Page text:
Last night was iMusic, the social media and iOS music event I mentioned last week (in conjunction with the Soundcloud Global Meetup day). It was an amazing night that capped off a brilliant day.
Just after noon, I was on RTHK (Hong Kong Radio), being interviewed by Phil Whelan on the direction that music production is heading with mobile devices (you can listen to the interview here). Radio is always a tough gig and although I didn’t cover off all the things I wanted to mention, it was a great discussion and a good opportunity to plug the event (and Hong Kong Social Media Week in general).
iMusic itself was important for me on two levels. First of all, it was a lot of fun just to get some iOS devices out – iPads and iPhones and make some music (Gary Gibbons of WormWorldStudios gave a great performance with two iPhones and an iPad). Increasingly I’ve come to realise that the iPad has a huge future in music production (last night I was showcasing the amazing Korg iMS-20 app). Moreover, there’s a neat path from music creation on devices like the iPad to sharing music on platforms like Soundcloud. In fact, you can listen to the demo song I created in real time (experiment for iMusic), along with a few other iMS-20 explorations below,
iPad fun aside, the bigger reason for getting involved with iMusic was to meet other musicians in Hong Kong and try to contribute something to the scene here, especially the social media space for musicians. In the past year I’ve met a number of really talented musicians who are squandering their work on MySpace, or simply don’t have an online presence. So, when the event organiser, Casey Lau (who I also have to thank for the photo above) asked me to get involved, I jumped at the opportunity. Last night’s turnout proved the opportunity was worth the effort!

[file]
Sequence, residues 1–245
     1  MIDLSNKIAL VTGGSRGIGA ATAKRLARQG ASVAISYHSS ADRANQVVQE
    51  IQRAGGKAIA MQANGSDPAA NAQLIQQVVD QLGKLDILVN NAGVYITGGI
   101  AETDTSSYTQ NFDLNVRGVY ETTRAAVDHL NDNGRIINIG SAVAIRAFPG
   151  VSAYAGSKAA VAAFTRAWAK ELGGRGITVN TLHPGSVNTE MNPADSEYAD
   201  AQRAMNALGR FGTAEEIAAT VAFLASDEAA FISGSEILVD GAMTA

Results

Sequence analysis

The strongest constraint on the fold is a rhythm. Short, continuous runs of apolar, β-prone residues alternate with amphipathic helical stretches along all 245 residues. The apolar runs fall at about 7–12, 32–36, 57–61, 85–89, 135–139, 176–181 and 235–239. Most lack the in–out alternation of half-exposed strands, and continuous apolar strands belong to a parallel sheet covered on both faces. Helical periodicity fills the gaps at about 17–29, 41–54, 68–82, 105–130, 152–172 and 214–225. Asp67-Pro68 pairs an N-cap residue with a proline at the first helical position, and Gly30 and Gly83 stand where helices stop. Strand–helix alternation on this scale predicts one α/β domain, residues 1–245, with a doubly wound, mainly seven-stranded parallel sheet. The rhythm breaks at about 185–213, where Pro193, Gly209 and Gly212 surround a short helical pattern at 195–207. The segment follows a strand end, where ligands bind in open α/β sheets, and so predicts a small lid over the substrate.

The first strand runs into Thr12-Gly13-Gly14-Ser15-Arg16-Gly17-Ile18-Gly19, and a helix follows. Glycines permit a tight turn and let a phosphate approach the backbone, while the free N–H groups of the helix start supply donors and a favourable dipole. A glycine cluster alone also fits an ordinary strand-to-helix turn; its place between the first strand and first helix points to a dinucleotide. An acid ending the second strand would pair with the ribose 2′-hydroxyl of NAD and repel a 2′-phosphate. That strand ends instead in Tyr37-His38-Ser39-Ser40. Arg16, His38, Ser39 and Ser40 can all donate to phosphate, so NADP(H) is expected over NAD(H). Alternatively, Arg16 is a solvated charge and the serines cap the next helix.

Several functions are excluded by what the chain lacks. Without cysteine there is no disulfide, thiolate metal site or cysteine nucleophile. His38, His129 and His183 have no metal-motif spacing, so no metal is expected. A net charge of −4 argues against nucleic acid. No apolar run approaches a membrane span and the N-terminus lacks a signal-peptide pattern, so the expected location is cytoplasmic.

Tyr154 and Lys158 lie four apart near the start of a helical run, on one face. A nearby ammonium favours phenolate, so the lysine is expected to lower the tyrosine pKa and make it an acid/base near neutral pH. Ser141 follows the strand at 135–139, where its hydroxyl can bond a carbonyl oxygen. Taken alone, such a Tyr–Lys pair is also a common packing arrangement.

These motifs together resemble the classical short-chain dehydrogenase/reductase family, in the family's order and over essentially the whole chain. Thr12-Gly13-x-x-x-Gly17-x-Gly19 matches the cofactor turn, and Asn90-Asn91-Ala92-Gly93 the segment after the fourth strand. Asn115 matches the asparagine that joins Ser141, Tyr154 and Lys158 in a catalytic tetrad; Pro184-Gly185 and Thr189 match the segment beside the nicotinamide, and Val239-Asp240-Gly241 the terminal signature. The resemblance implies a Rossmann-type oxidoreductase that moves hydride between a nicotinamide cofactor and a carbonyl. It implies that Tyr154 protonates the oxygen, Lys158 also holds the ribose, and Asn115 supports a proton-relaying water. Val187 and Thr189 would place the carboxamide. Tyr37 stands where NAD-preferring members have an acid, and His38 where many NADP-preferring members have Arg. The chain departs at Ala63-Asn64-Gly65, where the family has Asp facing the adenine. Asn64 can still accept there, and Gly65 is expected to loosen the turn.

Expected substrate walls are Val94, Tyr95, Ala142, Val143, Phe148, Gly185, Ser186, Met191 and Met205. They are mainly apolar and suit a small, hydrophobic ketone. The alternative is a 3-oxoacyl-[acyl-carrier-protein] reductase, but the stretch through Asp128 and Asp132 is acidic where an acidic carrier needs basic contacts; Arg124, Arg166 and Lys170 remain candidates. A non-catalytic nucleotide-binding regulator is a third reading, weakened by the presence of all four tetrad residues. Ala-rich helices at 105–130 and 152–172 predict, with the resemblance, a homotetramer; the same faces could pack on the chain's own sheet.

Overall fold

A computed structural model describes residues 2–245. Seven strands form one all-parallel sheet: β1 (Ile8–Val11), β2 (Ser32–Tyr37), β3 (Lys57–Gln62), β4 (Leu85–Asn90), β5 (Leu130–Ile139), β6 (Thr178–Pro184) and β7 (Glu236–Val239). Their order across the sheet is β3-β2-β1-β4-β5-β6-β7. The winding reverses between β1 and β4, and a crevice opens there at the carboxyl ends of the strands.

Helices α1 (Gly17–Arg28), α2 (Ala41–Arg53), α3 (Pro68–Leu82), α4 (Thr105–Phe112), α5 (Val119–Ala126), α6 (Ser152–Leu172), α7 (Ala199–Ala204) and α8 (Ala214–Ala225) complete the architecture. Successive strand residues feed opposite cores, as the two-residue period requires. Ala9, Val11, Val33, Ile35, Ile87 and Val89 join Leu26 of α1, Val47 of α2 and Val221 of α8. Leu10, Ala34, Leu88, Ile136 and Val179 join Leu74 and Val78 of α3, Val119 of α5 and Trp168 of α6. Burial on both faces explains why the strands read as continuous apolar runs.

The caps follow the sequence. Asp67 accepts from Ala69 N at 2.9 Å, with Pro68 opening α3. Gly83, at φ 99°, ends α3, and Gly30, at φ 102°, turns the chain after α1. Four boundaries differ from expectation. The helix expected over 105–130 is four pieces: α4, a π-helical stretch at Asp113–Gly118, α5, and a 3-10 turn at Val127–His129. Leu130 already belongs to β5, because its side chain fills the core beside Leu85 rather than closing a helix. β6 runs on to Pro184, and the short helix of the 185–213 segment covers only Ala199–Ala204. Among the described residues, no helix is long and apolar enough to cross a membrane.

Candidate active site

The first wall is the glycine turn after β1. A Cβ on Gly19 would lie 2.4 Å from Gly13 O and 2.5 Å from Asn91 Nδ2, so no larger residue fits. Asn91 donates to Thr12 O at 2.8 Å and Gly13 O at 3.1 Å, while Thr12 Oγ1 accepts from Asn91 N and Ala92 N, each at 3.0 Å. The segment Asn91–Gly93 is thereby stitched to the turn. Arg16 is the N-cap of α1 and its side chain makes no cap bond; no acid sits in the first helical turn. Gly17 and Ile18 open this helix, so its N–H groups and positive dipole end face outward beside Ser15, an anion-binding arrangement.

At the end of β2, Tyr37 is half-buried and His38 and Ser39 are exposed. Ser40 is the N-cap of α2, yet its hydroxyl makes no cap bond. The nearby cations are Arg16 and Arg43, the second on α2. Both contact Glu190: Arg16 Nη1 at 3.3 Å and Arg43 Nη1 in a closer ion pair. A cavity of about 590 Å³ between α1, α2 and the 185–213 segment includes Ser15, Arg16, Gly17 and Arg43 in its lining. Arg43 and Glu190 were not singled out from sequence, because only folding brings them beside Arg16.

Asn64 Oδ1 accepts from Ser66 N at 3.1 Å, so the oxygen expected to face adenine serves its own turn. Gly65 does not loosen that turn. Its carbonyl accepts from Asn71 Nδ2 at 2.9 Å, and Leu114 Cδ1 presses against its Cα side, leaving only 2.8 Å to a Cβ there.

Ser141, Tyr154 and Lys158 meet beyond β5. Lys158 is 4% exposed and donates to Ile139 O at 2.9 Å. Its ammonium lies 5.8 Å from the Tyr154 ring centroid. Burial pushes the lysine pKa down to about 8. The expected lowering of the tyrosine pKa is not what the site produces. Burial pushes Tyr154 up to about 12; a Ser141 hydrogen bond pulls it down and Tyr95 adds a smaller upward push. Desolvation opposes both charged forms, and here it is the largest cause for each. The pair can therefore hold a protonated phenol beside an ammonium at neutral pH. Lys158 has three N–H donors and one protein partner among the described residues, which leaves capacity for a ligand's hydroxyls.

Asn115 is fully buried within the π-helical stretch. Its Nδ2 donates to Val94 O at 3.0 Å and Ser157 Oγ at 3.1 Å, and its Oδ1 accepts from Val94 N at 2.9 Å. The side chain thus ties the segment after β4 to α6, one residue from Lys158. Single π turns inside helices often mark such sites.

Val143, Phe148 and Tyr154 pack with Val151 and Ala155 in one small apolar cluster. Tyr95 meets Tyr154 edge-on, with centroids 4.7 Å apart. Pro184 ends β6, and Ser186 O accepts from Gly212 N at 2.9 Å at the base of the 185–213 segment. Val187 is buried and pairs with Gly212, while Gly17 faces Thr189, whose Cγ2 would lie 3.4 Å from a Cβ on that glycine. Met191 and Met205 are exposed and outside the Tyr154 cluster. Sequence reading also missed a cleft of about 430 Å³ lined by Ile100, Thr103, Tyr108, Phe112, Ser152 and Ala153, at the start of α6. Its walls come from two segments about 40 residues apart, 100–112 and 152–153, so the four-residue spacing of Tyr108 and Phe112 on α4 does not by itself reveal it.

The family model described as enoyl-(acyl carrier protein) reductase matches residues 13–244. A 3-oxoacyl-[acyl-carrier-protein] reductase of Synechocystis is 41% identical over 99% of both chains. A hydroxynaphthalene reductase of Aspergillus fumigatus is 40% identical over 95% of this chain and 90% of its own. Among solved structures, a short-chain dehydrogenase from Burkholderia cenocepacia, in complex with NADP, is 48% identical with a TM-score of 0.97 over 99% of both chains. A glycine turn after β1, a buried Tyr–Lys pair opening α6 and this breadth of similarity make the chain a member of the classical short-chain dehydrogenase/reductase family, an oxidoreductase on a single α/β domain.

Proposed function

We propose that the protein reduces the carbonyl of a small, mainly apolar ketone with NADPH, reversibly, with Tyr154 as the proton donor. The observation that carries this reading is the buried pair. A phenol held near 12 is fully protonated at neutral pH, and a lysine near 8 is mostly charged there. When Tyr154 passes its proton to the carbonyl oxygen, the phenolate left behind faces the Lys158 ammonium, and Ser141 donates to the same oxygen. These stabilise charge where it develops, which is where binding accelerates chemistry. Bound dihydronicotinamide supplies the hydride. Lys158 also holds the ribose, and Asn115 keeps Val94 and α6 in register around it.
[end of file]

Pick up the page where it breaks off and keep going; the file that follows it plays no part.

I know it’s a cliche, but the music business – especially the recorded music business – is fundamentally different to the one I knew as a teenager. In fact, with EMI falling under the ownership of Citigroup, then Sony Music seeing a dramatic fall in revenue and finally Warner Music Group posting it’s eighth consecutive quarterly loss, you have to wonder what kind of future the big end of music industry has.
Of course, a lot of people lay the blame for this on piracy, illegal downloads and peer to peer file sharing. I don’t dismiss the effect of that. But, for me a more fundamental shift was the launch in 1997 of CD Baby, which radically changed the playing field for independent musicians who wanted to sell their music direct to fans, regardless of where they were in the world.
CD Baby continues to be a solid platform and is one of many great platforms that musicians can utilise. I’ve already mentioned Soundcloud and I suggest every musician check out Bandcamp, TuneCore, IndabaMusic, Sonicbids and TopSpin, to name a few. All of these are sharper and more focussed than MySpace, provide meaningful metrics and are designed to help musicians sustain themselves, commercially and creatively.
I know that I’m repeating myself here, but I really do believe that musicians need to look to photographers, graphic designers and other “creatives” for direction in how to build a business around their “art.” Develop a small team you can trust, get a good manager (or at least good mentors), buy in PR, distribution and so on as you need and engage with your fans on whatever level they meet you. The tools are out there – it’s up to us to pick them up and use them.